Naim Mu-so Second-Generation Compact Stereo System

High End Made Simple

Equipment report
Digital-to-analog converters,
Music servers and computer audio
Naim Mu-so Second-Generation Compact Stereo System

almost owned a Naim CDI player as my main source component back in the early 90s. That is more of a positive recommendation than it sounds. I did not change equipment very often, and my choice had been narrowed down to just the Naim and one other. It ended up being fortunate later that I chose the Kinergetics, as it was a more flexible platform for modifications and tweaking. However, I did feel the Naim sounded better, justifying its higher price. There was a special “Naim look” that lasted for many years, ultra-simple and clean layout and controls, with bright green display and logo. Was there also a “Naim sound”?  I can’t say definitively as the CDI was the only component I became intimately familiar with. I do remember it sounded luxurious and engaging, among other things. 

Judging from the new second generation of Naim’s extremely popular Mu-so all-in-one compact system ($1690), the new “Naim look” seems to include clean lines and an overall black/grey color scheme, as before. However, the bright green displays have been replaced by less-fun white lighting. I suppose the displays will fit into a wider variety of home décors that way. The Mu-so’s speaker grilles can be ordered in different colors: black, peacock, terracotta, or olive. As for simplicity of controls, is that even possible in an advanced, streaming all-in-one system? Yes, why not? Naim’s solution is to leave the more complex controls hidden until you choose to access them. In normal operation all you may notice is the Naim logo along the bottom front, and the large glowing circular volume control on the top. Apart from a tiny status-indicator light and a USB input on the side, the other inputs are hidden on the bottom. 

But let’s get back to what exactly this unit is: a complete all-in-one streaming compact system. From the Android or iOS apps you can stream most popular services, including Spotify and Tidal, controlled natively. You can also connect network resources and digital and analog sources directly. The Mu-so includes wireless networking, DSP, D/A converter, preamp, power amps, and stereo speakers all in one chassis. Simple, yes?

Particular Muons
Is the Mu-so 2 as small as a subatomic particle? No, it carries some heft. The ample heatsinks at the rear inspire confidence in a mountain-dweller, who has only thin air to flow over them at high altitude. Even playing at medium-loud levels for extended periods never got the heatsinks more than slightly warm. The chassis is more rigid than the original, and has 13% greater internal volume for improved bass performance. The 150MIPs of DSP power in the original Mu-so has been increased to 2000MIPs. The Class D amps have a cumulative power rating of 450W. Even the touch-wheel control interface has been redesigned, with 15 touch-sensitive points on the illuminated dial, along with a proximity sensor that wakes up the unit when you bring your hand near it. The Mu-so 2 comes with a wireless remote, and a two-year warranty, which is important since a component of such complexity would be challenging to repair, even for a professional. It would be nice to have an even longer warranty on a whole system such as this.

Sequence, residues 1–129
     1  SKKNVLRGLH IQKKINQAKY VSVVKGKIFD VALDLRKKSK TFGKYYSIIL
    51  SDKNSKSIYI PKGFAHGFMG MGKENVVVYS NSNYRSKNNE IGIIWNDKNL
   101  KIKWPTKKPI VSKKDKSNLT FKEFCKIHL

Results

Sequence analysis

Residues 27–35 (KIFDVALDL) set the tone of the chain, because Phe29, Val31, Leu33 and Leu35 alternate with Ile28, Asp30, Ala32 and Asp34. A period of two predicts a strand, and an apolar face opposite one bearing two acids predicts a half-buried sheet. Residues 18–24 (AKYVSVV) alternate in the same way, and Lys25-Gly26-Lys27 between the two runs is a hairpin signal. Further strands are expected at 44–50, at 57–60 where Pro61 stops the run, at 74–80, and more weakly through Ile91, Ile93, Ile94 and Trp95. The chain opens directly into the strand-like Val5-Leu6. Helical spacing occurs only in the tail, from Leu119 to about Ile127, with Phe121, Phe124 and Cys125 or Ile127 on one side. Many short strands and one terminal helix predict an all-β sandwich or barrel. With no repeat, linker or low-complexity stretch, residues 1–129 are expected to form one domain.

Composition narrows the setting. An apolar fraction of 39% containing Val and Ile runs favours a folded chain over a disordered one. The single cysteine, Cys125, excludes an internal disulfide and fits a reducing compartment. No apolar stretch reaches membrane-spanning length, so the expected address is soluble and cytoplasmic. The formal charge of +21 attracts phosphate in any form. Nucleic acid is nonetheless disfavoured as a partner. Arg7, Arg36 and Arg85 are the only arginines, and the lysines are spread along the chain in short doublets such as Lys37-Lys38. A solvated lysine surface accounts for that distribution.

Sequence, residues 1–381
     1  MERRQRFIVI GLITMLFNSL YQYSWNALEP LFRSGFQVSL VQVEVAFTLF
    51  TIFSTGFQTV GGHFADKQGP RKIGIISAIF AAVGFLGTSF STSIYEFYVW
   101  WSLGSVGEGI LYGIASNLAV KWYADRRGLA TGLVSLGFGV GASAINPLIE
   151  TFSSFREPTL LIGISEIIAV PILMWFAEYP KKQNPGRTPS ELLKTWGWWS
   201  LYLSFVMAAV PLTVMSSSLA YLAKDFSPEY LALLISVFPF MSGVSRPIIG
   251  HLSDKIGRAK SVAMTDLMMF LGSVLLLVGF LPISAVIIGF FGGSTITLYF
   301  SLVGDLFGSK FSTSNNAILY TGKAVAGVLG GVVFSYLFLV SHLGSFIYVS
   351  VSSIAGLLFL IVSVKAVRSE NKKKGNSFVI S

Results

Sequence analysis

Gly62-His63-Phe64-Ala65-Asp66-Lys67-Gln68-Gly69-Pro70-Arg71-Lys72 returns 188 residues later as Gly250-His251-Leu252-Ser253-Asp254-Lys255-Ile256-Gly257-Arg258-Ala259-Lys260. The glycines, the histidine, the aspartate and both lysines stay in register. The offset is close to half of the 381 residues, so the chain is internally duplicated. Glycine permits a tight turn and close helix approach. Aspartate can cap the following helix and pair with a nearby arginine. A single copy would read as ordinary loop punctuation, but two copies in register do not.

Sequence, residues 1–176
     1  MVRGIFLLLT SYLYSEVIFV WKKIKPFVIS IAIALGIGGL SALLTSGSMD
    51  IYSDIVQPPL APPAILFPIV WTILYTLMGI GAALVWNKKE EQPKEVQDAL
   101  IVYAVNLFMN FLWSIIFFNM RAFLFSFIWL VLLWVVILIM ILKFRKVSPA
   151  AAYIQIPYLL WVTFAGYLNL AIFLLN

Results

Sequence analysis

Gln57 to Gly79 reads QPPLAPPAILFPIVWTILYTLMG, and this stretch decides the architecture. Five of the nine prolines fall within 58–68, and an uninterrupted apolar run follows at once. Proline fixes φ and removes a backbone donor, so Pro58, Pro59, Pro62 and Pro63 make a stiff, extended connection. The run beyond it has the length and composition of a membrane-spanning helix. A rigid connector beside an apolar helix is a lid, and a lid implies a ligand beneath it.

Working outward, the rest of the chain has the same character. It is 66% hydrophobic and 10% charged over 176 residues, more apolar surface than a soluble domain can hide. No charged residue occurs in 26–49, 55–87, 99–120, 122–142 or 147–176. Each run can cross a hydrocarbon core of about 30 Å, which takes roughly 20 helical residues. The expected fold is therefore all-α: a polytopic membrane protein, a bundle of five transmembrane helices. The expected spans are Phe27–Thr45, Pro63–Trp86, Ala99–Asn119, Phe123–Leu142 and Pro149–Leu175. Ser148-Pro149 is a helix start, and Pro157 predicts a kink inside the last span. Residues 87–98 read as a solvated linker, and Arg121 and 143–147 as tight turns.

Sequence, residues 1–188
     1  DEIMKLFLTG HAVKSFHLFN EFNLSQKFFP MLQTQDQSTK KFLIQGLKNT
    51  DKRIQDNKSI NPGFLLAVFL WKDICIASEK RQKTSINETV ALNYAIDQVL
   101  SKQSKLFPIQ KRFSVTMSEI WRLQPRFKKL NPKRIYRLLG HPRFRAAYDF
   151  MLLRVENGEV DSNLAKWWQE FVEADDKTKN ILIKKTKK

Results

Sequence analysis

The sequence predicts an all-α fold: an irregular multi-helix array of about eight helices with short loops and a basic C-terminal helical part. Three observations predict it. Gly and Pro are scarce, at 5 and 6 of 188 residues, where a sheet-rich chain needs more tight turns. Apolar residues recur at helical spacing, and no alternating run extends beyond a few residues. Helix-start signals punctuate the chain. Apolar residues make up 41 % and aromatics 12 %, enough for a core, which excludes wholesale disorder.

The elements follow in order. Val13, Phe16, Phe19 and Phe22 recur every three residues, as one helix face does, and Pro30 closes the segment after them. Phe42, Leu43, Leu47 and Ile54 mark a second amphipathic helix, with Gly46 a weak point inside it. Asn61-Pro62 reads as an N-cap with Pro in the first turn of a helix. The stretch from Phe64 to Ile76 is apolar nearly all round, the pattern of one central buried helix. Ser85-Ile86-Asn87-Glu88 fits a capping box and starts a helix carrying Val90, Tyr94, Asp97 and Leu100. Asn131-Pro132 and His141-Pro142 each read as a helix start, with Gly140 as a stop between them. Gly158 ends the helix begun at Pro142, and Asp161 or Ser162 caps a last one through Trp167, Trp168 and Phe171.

Starting with the inputs, there is native support in the Naim app for Chromecast, AirPlay 2, Spotify Connect, Tidal, Internet Radio, and Roon. Of course, anything else you have on a mobile device you can send to the Mu-so 2 via Bluetooth, UPnP streaming, or USB. It also has an optical digital input, a 3.5mm analog stereo jack, an Ethernet LAN jack, and HDMI. It is multiroom-ready for use with other Naim streaming systems. I mostly listened to Tidal streaming through the Naim app (via an Android tablet) over my WLAN, though I did test the functionality of some other inputs. The others worked fine, but were not quite in the same league in sound quality.

The Naim app itself is quite well rounded, providing all the settings and controls you’ll ever need. Though it has a fairly basic look and interface, the Mu-so 2 still aims to keep as much control at your fingertips as possible. It reminded me of the BluOS app, which was a good thing, although I wish the app were available for Windows PC, as BluOS is. To be fair, the affordable Technics Ottava all-in-one units that I reviewed in Issue 300 did not have a Windows app either. Tidal navigation and music selection via a Windows app just seems faster and easier. I suppose, though, a diminutive tablet in hand is preferable to a laptop PC nearby, while you’re parked in your listening chair/sofa. However, quite often I will listen to an entire album, or at least an album side, before I move on to the next thing. (Yes, I still think in terms of album sides from time to time.)

There was a minor hiccup when trying to update the firmware of the main unit. I had paired to my WLAN and started listening to music through the Mu-so 2, when it alerted me that an update was available. I tried a few times to update it over WLAN, and the tiny light on the side changed colors, was blinking, and the volume control display was pulsing and counting-down—very exciting! From these indicators I realized that the download never completed. So I connected a LAN cable to the unit and tried the update again, and it completed successfully. This was true for both major firmware updates during my auditioning. Not a big deal, really. Just don’t waste your time attempting the update via WLAN.